Ever since the beginning of AA and Twelve Step groups, there have been those who had difficulty with the personal God type of spirituality. These folks include athiests and agnostics, and even some major religions such as many forms of Buddhism.
The fourth chapter of the Big Book of Alcoholics Anonymous is called We Agnostics, and it is an early attempt to let alcoholics know that you even if you don’t now believe in a Higher Power, you can come to that place through working the Program.
Unfortunately, we think this is one of the least effective chapters of the Big Book. It basically tells the athiest or agnostic not to worry, that many of us were unbelievers at the start. Just come on in, and you may change your mind.
The Spiritual Experience in the Appendix is a little better. But many addicts have found that you can work the Steps without ever gaining a belief in a traditional God.
There was a 1955 science fiction novel, Invasion of the Body Snatchers by Jack Finney, a movie by the same title from 1956, remade in 1978, in which invading seed pods from outer space choose a target human, wait until they fall asleep, and then take over their bodies. Some addicts hear others say that they can use the power of the group as a Higher Power for now, and then later they may find a personal God. They may feel this is a threat, staying on their guard because they expect to be evangelized. This can be a barrier to use of spirituality as a tool.
The fact is that many recovering eating and other addicts do just fine without ever joining the “believers”. They often use humanistic qualities such as love, compassion, universal harmony, and other secular spirituality as a Higher Power. We have heard addicts who half-jokingly said they use The Force from Star Wars. A loving, caring community, like that of many Twelve Step groups, seems to be adequate for many.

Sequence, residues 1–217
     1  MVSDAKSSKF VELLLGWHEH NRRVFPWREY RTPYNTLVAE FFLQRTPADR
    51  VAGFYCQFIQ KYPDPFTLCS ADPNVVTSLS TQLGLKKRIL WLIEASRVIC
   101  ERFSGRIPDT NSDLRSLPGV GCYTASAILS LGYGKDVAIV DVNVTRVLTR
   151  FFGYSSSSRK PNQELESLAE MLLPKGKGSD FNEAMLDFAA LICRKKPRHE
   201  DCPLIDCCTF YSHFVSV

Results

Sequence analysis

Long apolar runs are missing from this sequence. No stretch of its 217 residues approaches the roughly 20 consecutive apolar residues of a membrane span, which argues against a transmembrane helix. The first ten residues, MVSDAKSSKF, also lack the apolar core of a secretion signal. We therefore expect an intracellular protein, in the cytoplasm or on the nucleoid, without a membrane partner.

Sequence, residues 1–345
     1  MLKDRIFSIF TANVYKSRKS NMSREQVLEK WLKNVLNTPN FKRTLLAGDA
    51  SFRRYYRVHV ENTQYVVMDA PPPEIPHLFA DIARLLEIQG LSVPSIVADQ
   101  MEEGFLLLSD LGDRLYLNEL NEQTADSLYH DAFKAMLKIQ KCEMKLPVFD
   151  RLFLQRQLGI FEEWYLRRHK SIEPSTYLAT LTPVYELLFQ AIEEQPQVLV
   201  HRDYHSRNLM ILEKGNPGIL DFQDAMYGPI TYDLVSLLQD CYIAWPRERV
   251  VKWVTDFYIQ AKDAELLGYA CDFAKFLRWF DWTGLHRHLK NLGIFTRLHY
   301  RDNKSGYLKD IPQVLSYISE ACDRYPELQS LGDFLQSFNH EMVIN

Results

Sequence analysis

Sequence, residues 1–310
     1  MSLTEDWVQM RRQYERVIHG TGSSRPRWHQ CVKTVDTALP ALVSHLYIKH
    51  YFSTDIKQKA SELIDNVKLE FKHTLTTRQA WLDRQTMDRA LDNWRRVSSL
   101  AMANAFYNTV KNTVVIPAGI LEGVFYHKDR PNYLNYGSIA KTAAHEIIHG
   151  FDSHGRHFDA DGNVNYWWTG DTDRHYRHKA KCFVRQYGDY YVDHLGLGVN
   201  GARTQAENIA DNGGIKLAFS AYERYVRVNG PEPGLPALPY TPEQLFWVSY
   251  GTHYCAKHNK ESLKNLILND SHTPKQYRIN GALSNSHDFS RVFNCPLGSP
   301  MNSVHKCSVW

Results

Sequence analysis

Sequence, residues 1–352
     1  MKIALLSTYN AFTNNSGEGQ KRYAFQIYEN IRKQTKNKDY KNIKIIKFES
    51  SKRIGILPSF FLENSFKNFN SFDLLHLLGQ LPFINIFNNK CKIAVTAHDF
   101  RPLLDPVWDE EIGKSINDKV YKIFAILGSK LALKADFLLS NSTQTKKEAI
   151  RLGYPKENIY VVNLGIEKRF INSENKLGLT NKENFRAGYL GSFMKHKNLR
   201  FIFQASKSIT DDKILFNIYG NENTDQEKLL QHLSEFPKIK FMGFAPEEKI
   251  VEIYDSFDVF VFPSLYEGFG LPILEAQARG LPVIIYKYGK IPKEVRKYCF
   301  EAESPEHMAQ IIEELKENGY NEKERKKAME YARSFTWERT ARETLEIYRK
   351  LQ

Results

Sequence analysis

What seems to be essential is that you be open to considering some kind of guidance that is outside the addictive disease process that is working within you. The Physical, Emotional, and Mental processes all work against your recovery. So an external form of guidance, perhaps from the community of recovering people, a sponsor, or other influence, can be a power greater than that of the disease. You might even be able to get in touch with that “still small voice within,” the part that always told you what you were doing was wrong, that you had to work to ignore.
As the Big Book does say, Honesty, Openmindedness, and Willingness, are HOW you add a Spiritual dimension to your recovery. AA (or any Twelve Step Program) should not be a disguised evangelical program. When you hear the word God, just mentally transpose Higher Power, or even “higher power” or the HOW acronym so it seems like a help rather than a threat.
In this guide, we have used the term Program to describe a completely secular higher power. We explain it in the next module.
There is also a helpful Twelve Step AA group at aaAgnostica.org that is “meant to be a helping hand for the alcoholic who reaches out to Alcoholics Anonymous and finds that she or he is put off by the religious content of many AA meetings.”
Updated 11 Sep 2015
Addictionary 2 by Jan & Judy Wilson
is licensed under a Creative Commons Attribution-ShareAlike 4.0 International License.